Are you taking good care of your health? Here’s a new study that once again confirms that a healthy diet, a good night’s sleep and exercise can protect your body against the damages caused by stress.
A new study from UC San Francisco is the first to show that while the impact of life's stressors accumulate overtime and accelerate cellular aging, these negative effects may be reduced by maintaining a healthy diet, exercising and sleeping well.
"The study participants who exercised, slept well and ate well had less telomere shrinking than the ones who didn't maintain healthy lifestyles, even when they had similar levels of stress," said lead author Eli Puterman, PhD, assistant professor in the department of psychiatry at UCSF. "It's very important that we promote healthy living, especially under circumstances of typical experiences of life stressors like death, caregiving and job loss."
The paper will be published in Molecular Psychiatry, a peer-reviewed science journal by Nature Publishing Group.
Telomeres are the protective caps at the ends of chromosomes that affect how quickly cells age. They are combinations of DNA and proteins that protect the ends of chromosomes and help them remain stable. As they become shorter, and as their structural integrity weakens, the cells age and die quicker. Telomeres also get shorter with age. Its shortening length has been correlated in other studies as a key predictor for the development of chronic diseases and aging (including heart disease, diabetes, hypertension, cancer, and more). Long term stress is known to shorten telomere length. But stress reduction can interrupt and reverse this process.
Lifestyle Best Practices
The key to slowing down the aging process and extending maximal human lifespan will ultimately involve preserving or restoring telomere length to the DNA (as well as decreasing chromosomal damage, cellular oxidation, and many other factors). Several measures have already been shown to achieve this goal:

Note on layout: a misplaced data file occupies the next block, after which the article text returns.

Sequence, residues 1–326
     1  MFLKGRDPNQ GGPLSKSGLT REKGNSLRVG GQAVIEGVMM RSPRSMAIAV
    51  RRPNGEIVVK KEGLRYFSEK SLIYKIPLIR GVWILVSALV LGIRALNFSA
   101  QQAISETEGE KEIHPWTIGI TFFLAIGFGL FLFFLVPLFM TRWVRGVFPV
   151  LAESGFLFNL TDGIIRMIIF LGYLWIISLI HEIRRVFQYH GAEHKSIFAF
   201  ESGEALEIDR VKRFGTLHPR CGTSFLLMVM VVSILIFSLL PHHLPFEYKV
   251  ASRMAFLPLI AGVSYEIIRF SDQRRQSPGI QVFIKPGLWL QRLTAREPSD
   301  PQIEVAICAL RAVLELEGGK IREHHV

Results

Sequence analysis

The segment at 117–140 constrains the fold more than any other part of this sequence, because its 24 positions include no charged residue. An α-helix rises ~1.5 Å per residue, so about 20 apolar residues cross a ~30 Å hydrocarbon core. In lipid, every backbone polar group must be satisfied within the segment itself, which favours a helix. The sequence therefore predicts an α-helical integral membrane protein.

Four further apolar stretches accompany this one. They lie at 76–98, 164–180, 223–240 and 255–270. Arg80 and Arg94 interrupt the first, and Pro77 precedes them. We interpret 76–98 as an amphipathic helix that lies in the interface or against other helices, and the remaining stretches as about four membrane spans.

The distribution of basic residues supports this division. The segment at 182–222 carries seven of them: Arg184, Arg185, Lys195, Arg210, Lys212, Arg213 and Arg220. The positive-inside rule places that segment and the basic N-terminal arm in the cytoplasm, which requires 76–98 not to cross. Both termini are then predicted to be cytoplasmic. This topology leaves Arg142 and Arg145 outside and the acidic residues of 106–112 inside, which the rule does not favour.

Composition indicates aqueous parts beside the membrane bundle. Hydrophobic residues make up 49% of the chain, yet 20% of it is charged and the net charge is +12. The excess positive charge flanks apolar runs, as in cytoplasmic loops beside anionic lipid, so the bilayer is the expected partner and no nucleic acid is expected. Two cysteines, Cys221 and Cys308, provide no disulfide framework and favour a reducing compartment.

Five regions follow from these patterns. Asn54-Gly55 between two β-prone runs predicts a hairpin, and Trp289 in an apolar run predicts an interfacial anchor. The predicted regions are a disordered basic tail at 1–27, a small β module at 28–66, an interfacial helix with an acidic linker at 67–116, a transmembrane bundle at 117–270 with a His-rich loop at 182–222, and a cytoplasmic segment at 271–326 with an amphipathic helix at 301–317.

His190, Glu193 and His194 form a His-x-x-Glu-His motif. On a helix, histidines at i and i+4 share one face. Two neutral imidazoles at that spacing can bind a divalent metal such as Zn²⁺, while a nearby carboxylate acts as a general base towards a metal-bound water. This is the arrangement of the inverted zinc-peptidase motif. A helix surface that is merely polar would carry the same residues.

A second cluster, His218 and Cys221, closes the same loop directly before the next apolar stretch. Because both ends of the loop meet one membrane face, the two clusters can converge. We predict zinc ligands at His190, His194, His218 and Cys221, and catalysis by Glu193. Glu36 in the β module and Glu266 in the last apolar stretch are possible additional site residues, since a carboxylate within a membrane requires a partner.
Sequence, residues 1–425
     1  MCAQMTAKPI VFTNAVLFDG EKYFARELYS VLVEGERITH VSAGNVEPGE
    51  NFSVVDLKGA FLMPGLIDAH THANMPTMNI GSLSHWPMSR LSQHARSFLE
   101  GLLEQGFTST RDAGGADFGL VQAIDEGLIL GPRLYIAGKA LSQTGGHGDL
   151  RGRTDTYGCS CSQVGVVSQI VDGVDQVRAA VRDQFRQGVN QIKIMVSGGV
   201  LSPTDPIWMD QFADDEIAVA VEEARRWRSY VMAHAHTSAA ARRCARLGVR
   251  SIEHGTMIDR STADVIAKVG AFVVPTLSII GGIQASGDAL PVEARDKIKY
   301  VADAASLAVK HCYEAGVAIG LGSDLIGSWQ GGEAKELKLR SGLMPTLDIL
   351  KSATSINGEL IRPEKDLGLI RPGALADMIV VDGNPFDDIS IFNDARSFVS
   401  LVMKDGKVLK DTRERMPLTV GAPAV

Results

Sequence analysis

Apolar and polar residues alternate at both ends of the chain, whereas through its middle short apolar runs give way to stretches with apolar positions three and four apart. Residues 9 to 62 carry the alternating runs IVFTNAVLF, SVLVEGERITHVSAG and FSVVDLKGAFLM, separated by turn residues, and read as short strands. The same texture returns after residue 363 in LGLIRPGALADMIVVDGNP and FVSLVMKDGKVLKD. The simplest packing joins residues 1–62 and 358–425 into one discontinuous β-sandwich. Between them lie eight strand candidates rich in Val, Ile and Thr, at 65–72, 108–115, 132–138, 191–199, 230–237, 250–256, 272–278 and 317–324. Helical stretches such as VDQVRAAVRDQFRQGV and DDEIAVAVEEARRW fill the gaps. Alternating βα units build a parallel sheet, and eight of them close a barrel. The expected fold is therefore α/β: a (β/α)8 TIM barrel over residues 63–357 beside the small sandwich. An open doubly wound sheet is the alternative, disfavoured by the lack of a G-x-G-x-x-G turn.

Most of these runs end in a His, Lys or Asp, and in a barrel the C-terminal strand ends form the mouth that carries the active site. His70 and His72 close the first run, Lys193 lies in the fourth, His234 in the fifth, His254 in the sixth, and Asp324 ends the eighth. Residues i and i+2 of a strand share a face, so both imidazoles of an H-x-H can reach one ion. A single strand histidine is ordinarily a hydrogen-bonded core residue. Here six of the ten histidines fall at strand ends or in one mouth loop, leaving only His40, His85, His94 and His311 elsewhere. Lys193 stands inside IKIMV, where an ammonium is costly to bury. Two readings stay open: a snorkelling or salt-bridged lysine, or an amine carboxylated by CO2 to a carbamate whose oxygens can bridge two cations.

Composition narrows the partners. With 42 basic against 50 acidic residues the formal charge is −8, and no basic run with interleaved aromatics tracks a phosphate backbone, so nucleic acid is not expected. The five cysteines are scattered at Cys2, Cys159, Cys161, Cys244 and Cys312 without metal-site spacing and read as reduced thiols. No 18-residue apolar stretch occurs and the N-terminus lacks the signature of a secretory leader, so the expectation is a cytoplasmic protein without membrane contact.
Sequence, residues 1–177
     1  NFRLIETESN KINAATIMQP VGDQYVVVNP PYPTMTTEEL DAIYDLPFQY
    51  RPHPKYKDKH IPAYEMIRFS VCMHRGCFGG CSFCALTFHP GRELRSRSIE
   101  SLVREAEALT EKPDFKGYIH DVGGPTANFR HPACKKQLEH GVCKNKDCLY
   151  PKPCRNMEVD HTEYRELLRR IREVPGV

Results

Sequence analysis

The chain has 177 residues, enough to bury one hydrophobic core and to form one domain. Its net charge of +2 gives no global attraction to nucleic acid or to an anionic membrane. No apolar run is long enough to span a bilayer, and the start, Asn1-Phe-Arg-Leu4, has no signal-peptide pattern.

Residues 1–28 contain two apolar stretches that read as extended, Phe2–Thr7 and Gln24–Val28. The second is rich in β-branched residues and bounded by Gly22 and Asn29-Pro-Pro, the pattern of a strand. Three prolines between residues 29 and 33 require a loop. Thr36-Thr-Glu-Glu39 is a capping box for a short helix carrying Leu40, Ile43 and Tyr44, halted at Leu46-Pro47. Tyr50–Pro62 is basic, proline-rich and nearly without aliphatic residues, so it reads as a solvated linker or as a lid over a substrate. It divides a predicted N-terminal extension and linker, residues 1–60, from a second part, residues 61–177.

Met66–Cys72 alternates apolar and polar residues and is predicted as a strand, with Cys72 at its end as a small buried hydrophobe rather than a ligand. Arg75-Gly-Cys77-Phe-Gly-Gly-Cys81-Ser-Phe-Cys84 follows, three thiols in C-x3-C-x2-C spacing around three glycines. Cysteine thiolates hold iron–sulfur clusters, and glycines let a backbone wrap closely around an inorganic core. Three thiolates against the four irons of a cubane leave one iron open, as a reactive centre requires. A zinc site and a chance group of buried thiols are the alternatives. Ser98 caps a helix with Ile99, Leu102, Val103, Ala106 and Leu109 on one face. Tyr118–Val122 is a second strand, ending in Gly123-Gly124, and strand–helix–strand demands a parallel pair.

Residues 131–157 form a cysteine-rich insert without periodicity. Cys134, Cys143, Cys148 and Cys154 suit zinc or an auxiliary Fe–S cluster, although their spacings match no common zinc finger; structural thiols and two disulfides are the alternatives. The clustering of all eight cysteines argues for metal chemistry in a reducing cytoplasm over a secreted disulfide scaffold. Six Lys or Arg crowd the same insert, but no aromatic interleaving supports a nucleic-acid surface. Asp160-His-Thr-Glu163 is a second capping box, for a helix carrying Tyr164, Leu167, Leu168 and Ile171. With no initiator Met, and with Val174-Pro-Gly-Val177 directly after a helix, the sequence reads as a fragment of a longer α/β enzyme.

- Simply adopting a comprehensive dietary and lifestyle change consistent with good health has been shown to preserve telomere length.
- Physical exercise has been shown to be associated with preserving telomere length.
- Meditation has been shown to preserve telomere length by reducing the negative effects of stress.
- Higher vitamin D levels are associated with longer telomeres
- Since levels of inflammatory markers in the blood correlate with telomere shortening, natural strategies that reduce inflammation are very important in reducing the rate of telomere shortening.
Telomere Reduction Linked to Diminished Healthy Behaviors
In the study, researchers examined three healthy behaviors -physical activity, dietary intake and sleep quality - over the course of one year in 239 post-menopausal, non-smoking women. The women provided blood samples at the beginning and end of the year for telomere measurement and reported on stressful events that occurred during those 12 months. In women who engaged in lower levels of healthy behaviors, there was a significantly greater decline in telomere length in their immune cells for every major life stressor that occurred during the year. Yet women who maintained active lifestyles, healthy diets, and good quality sleep appeared protected when exposed to stress - accumulated life stressors did not appear to lead to greater shortening.
"This is the first study that supports the idea, at least observationally, that stressful events can accelerate immune cell aging in adults, even in the short period of one year. Exciting, though, is that these results further suggest that keeping active, and eating and sleeping well during periods of high stress are particularly important to attenuate the accelerated aging of our immune cells," said Puterman.
In recent years, shorter telomeres have become associated with a broad range of aging-related diseases, including stroke, vascular dementia cardiovascular disease, obesity, osteoporosis, diabetes, and many forms of cancer.
Research on telomeres, and the enzyme that makes them, telomerase, was pioneered by three Americans, including UCSF molecular biologist and co-author Elizabeth Blackburn, PhD. Blackburn co-discovered the telomerase enzyme in 1985. The scientists received the Nobel Prize in Physiology or Medicine in 2009 for their work.
"These new results are exciting yet observational at this point. They do provide the impetus to move forward with interventions to modify lifestyle in those experiencing a lot of stress, to test whether telomere attrition can truly be slowed," said Blackburn.